Before we take this week’s lesson title (Conformity, Compromise and Crisis in Worship) as an excuse to proscribe forms of worship that we do not like, we need to consider worship in its wider context. There are three aspects of worship (Yes I am well aware that my classification is not the only one but this one helps me)
- Personal worship: this is the time that we spend by ourselves in prayer, study and meditation
- Community worship: this is the time that we spend together sharing our worship as a common experience
- Living worship: this is the rest of the time when we worship and honor God in the way we live and share Him with others
Most of the arguments I hear about worship is about community worship. There are those who want three hymns, prayer, offering and 40-minute sermon; then there are those who want some gospel singing, some sharing time and maybe a shorter sermon. And there is a wide spectrum of wants in between. Some want choirs and organs, others want guitars and bongos. Some want the children involved, while others want a cerebral, challenging discussion. The list is endless and we are good at quoting (misquoting) the Bible and writings of Ellen White to get our point of view across.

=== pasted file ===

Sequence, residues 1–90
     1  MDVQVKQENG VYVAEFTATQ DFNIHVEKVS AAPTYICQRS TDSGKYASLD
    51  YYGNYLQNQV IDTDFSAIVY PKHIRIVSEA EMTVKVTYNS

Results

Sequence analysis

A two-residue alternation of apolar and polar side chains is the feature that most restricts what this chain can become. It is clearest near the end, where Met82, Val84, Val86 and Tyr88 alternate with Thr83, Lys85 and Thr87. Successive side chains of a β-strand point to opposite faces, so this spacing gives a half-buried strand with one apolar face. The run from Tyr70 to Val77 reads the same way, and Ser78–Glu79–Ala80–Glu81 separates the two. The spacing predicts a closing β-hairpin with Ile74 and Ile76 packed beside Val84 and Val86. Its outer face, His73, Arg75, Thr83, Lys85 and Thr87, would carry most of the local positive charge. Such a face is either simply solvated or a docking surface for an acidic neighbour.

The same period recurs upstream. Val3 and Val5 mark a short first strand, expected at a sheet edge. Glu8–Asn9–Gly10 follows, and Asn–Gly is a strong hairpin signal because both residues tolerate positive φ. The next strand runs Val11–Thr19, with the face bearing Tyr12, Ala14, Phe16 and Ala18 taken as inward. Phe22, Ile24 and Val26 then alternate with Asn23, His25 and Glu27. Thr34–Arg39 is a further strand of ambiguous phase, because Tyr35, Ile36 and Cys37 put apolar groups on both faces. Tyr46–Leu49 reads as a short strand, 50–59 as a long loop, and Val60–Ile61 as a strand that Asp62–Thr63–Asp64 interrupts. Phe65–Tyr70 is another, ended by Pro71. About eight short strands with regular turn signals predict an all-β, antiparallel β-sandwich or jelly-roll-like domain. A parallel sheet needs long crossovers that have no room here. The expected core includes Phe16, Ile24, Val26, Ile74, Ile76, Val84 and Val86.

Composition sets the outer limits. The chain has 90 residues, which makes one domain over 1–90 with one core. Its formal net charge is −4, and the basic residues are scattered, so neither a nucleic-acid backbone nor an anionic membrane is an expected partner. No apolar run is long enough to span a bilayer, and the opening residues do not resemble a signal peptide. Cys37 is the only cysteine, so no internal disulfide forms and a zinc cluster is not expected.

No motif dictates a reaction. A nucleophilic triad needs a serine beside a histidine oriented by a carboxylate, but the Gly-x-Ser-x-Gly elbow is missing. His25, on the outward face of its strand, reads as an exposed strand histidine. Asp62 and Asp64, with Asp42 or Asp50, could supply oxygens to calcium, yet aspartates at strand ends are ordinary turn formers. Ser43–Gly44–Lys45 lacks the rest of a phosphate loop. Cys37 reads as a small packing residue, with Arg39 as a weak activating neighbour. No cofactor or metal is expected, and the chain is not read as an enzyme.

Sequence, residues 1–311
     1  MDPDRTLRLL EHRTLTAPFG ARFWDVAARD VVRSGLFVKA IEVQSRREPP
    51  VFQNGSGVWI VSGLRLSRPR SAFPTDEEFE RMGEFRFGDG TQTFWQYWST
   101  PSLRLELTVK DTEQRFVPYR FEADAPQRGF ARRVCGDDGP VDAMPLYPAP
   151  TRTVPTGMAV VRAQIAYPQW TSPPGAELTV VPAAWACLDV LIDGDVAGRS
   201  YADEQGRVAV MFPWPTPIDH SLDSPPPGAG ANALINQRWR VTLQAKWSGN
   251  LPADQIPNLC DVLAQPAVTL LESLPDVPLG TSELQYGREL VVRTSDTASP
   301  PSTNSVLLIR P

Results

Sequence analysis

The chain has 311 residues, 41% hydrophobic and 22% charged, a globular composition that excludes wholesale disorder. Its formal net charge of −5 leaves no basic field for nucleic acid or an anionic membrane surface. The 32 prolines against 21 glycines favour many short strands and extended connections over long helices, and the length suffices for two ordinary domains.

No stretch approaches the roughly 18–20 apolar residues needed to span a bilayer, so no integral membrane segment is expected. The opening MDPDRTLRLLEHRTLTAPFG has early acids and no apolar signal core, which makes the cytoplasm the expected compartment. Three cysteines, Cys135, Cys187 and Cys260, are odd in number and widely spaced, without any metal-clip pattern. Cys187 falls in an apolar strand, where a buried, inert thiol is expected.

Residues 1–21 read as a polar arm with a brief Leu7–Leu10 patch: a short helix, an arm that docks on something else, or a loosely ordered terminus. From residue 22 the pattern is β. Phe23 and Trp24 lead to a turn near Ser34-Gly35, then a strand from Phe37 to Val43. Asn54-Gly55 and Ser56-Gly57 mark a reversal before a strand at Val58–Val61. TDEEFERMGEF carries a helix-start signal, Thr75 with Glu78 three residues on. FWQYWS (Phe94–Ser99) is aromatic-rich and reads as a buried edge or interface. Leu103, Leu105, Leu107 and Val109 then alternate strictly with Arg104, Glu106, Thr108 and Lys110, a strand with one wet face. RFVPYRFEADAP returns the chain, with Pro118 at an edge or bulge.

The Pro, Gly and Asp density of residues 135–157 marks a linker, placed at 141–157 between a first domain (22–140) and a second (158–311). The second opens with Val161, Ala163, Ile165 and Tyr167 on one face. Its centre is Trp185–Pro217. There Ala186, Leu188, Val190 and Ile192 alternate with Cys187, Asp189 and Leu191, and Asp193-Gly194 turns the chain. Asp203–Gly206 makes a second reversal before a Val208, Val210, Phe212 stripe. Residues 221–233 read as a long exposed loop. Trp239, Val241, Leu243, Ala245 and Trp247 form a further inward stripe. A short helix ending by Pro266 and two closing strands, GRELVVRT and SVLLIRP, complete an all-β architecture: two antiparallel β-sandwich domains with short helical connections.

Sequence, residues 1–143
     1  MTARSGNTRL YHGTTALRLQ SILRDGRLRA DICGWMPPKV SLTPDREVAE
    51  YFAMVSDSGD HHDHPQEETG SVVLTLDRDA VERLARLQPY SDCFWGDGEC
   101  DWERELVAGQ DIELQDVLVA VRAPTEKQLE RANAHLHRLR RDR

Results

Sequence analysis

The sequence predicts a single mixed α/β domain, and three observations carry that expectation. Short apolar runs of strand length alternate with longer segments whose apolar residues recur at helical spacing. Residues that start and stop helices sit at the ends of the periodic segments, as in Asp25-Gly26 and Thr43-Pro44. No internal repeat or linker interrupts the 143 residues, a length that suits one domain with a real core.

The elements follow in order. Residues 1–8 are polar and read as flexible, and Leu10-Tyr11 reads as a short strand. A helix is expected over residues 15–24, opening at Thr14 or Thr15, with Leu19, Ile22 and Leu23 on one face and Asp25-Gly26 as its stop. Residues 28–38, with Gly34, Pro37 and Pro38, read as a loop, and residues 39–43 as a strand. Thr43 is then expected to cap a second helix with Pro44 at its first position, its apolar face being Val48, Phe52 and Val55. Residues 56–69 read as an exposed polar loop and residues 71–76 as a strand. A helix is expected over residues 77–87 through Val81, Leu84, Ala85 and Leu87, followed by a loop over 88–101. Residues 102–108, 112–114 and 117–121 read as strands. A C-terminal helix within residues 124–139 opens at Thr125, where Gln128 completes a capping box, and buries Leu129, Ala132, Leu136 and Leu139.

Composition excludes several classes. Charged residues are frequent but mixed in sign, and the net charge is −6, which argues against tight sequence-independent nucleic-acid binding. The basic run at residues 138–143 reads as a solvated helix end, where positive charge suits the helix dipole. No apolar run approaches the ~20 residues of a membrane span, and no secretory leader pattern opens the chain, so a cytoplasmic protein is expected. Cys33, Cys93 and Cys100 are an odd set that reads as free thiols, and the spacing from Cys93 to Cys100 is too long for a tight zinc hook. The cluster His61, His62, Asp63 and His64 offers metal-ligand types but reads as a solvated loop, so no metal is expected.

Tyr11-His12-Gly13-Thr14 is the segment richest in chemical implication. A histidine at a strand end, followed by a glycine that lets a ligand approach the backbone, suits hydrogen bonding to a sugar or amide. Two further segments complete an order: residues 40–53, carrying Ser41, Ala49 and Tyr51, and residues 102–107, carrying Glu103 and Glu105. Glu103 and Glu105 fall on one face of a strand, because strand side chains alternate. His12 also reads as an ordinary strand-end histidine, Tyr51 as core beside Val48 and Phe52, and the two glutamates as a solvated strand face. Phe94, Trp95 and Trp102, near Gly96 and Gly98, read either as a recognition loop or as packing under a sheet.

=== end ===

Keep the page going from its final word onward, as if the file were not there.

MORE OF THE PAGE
My concern that we are often more interested in our particular view of worship than about worship itself. Following are some compromises that I think seriously endanger the effectiveness of our worship today:
- Personal worship is about developing our personal relationship with God. All too often we compromise this relationship by ignoring it completely or confining it to a quick text and a prayer like a dose of castor oil.
- Community worship is about developing our community relationship with God. We compromise our community worship by seeking our kind of worship rather than sharing our worship. Community worship is like the ordinance of humility – we should think how we can serve others.
- Living worship is about sharing our relationship with God with others. We compromise all our worship if we go through the motions of personal and community worship without it affecting how we live our lives as a “living sacrifice” to God. This is where the rubber of worship hits the road of life.
Sometimes we look for the compromises of papacy, charismatics, mysticism, and apostate protestantism when we are harboring the compromise of hypocrisy.
[This post first appeared on the Email Discussion list, of which Maurice Ashton is a moderator.]